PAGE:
A team led by Dr. Solveig Hofvind, PhD, from the Section for Breast Cancer Screening, Cancer Registry of Norway found that the proportion of screen-detected cancers not selected by AI at evaluated thresholds was less than 20%, with several of these possibly being detected at an early stage in the next screening round.
"This is the largest study on real screening data so far, and it is difficult to compare with other studies as they are usually smaller and have used an enhanced data set," Hofvind told AuntMinnie.com.
Double reading is standard practice in most European breast screening programs. However, informed reviews have classified about 25% of screen-detected and interval cancers as missed and that 20% of screen-detected cancers were recommended for recall by one of two radiologists in independent double reading.
Previous research suggests AI can detect cancers in mammographic examinations. But studies have analyzed mostly small population sizes with enriched data sets, leaving evidence gaps.
"Retrospective studies on clinical data sets using consecutive examinations provide an opportunity to independently validate AI systems before evaluation in prospective studies," the researchers wrote.
Hofvind et al wanted to compare the performance of a commercially available AI system (Transpara version 1.7.0, ScreenPoint Medical) with consensus, independent double reading in a population-based screening program. They also looked at the histopathologic characteristics of tumors with different AI scores ranging from 1 to 10.
A score of 1 meant low risk of breast cancer while a score of 10 indicated high risk. Three thresholds were also used to assess the AI system's performance in selecting or not selecting exams for suspicious findings. Threshold one was set at an AI score of 10, threshold two was set for a selection rate similar to the consensus rate (8.8%), and threshold three was set for a selection rate similar to an average individual radiologist (5.8%).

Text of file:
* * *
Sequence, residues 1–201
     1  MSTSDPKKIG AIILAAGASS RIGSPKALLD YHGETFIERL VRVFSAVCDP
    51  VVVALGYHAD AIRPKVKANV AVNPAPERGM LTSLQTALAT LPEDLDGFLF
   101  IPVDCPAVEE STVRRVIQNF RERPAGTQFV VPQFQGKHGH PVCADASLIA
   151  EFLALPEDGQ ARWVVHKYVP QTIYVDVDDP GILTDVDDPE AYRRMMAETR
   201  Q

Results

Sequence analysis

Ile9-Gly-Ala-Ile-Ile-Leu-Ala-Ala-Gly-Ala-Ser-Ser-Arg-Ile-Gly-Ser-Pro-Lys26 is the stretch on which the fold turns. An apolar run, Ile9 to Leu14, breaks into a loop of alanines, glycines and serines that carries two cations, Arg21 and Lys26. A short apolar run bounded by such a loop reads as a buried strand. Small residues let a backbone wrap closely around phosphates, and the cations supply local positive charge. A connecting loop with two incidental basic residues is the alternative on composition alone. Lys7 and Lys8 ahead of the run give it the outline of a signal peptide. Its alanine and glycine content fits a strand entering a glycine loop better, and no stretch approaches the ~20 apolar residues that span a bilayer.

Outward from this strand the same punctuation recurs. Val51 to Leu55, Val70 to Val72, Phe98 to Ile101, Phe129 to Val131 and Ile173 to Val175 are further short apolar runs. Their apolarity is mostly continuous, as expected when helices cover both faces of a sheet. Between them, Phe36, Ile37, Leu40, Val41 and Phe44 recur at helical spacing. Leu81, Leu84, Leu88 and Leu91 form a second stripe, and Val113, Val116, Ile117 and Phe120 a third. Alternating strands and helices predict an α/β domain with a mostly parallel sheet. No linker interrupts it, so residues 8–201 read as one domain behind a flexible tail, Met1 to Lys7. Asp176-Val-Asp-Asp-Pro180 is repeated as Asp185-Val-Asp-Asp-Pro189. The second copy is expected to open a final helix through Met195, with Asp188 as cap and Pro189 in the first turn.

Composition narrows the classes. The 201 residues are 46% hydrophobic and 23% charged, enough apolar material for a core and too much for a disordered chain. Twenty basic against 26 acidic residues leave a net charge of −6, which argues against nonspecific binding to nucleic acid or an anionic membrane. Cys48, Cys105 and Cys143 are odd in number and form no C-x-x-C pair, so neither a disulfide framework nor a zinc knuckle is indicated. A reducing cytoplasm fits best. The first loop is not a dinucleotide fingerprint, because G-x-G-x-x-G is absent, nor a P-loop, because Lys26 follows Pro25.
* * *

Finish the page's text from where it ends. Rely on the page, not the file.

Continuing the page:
Artificial intelligence (AI) gave a score of 10 to this screen-detected ductal carcinoma in situ (DCIS) in a 68-year-old woman, indicating high risk for breast cancer. (A) Mammogram of right breast from the craniocaudal view. (B) Mammogram of right breast from the mediolateral oblique view. (C) Craniocaudal digital breast tomosynthesis (DBT) image of the right breast. (D) Ultrasound image of the right breast. The arrows in images A and C indicate the malignancy, with the dotted line in image D showing tumor diameter. Image courtesy of Radiology.
A total of 957 breast cancers were included in the study, 752 being screen-detected and 205 being interval cancers. These came from 122,969 screening examinations taken between 2009 and 2018 from 47,877 women in Norway.
The team found that the AI system gave a score of 10 to 745 breast cancers out of the total (77.9%). That score applied to 653 of the screen-detected cancers (86.8%) and 92 of the interval cancers (44.9%) with threshold one.
Meanwhile 602 of the total screen-detected cancers (80.1%) and 63 of the interval cancers (30.7%) were selected by the system when threshold three was used.
Screen-detected cancer with AI scores not selected using the thresholds had favorable histopathologic characteristics compared with those selected. However, the researchers found the opposite results for interval cancer.
The study authors wrote that their results show the AI system can safely select exams not to be interpreted by radiologists, leading to decreased imaging volume for the latter. The radiologist could identify the small number of missed cancers if double reading alongside the AI system, the researchers wrote.
"Furthermore, 23% of screen-detected cancers in the study had a positive assessment by only one radiologist, and, thus, it may be acceptable that some cancers have a low AI score," they added.
Hofvind said more retrospective studies are needed to explore different designs for using the AI system in combination with radiologists, as well as large trials to test different interpretation designs to best use radiologists and AI in harmony.
"We are testing different interpretation designs, and different vendors, reviewing the cases with discordant findings between the AI and radiologists, and are planning prospective studies," he told AuntMinnie.com.
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